Wheels of fortune

For car fanatics, January means one thing. Well, two: the Los Angeles and Detroit auto shows, where new products are introduced and where the hottest new concepts are displayed

Even though the V8 engine made a roaring return, journalists voted BMW’s charming Mini Cooper 2003’s Car of the Year.

Even though the V8 engine made a roaring return, journalists voted BMW’s charming Mini Cooper 2003’s Car of the Year.

Last weekend, the Greater Los Angeles Auto Show opened in the convention center next door to Staples Center, where the Lakers and Clippers play. This weekend, the North American International Auto Show opens in Detroit’s Cobo Center.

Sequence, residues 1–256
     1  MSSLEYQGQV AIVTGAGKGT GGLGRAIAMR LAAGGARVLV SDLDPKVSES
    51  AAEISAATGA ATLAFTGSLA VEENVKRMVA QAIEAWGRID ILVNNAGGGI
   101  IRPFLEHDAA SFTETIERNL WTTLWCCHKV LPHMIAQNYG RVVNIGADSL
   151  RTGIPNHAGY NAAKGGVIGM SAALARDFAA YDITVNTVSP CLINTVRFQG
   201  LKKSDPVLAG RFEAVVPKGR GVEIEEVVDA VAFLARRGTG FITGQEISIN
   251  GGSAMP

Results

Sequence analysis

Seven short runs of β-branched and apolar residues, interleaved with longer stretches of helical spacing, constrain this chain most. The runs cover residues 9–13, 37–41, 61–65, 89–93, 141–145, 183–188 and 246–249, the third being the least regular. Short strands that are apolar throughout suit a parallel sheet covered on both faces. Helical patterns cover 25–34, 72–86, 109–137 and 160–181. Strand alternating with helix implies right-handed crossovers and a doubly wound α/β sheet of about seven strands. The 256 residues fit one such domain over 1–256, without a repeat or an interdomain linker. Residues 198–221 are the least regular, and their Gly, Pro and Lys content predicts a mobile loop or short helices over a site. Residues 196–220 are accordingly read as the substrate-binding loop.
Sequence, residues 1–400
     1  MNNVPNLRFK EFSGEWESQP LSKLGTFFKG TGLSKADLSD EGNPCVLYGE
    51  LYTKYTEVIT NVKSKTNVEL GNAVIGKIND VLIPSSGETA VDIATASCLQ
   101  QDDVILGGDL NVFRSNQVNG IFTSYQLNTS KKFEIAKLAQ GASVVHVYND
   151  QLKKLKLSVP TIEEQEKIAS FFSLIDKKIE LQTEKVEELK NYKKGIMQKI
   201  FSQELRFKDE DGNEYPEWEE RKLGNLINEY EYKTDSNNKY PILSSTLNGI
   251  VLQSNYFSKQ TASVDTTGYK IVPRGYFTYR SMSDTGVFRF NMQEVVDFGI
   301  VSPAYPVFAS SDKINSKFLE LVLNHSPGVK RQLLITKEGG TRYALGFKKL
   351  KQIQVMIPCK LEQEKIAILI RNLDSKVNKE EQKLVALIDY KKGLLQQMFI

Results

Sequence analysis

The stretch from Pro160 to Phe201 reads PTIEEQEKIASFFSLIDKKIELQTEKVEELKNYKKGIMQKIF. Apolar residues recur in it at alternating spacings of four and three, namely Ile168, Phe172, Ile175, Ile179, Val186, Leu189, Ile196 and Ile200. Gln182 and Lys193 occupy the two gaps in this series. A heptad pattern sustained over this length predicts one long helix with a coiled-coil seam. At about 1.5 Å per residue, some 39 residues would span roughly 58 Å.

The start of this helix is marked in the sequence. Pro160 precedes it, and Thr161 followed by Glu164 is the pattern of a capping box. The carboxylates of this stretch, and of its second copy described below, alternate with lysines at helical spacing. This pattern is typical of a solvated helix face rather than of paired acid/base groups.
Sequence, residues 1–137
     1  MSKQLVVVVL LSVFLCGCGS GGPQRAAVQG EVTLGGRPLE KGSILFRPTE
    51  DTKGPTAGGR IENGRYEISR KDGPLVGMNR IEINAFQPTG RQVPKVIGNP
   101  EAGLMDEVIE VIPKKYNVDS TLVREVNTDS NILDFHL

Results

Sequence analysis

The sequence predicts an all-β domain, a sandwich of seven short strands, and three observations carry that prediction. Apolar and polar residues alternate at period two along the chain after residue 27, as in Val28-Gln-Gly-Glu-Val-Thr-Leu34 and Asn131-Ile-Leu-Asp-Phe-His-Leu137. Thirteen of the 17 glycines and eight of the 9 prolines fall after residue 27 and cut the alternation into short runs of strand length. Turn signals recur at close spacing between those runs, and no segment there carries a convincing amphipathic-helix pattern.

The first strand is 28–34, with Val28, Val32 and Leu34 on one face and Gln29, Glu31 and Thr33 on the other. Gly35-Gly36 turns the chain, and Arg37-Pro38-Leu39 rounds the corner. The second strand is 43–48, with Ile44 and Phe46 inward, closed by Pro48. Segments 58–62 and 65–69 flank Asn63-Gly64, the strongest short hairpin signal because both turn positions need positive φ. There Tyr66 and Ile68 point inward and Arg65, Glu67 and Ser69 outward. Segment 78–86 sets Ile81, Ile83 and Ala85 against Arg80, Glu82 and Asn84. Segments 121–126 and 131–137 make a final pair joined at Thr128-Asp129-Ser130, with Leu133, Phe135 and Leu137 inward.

Those of us accursed car fanatics who couldn’t go have been hunkered over our computer keyboards at home. Feverishly pointing and clicking, we’ve been trying to get the lowdown on next year’s models along with the latest “concept cars”—those corporate statements of automotive outrageousness car companies like to build to test-market ideas that will show up later in production models.

It’s weird being a car freak these days—the kind of person who would rather drool over the spreads in Car and Driver or Automobile magazines than over the ones in Playboy. According to most news accounts, this country is about to go to war with Iraq, a sovereign nation in the Middle East that just happens to be sitting on a sizable reservoir of low-sulfur crude oil. And down in South America, Venezuela, the largest supplier of petroleum products to the western United States, is on the brink of a civil war.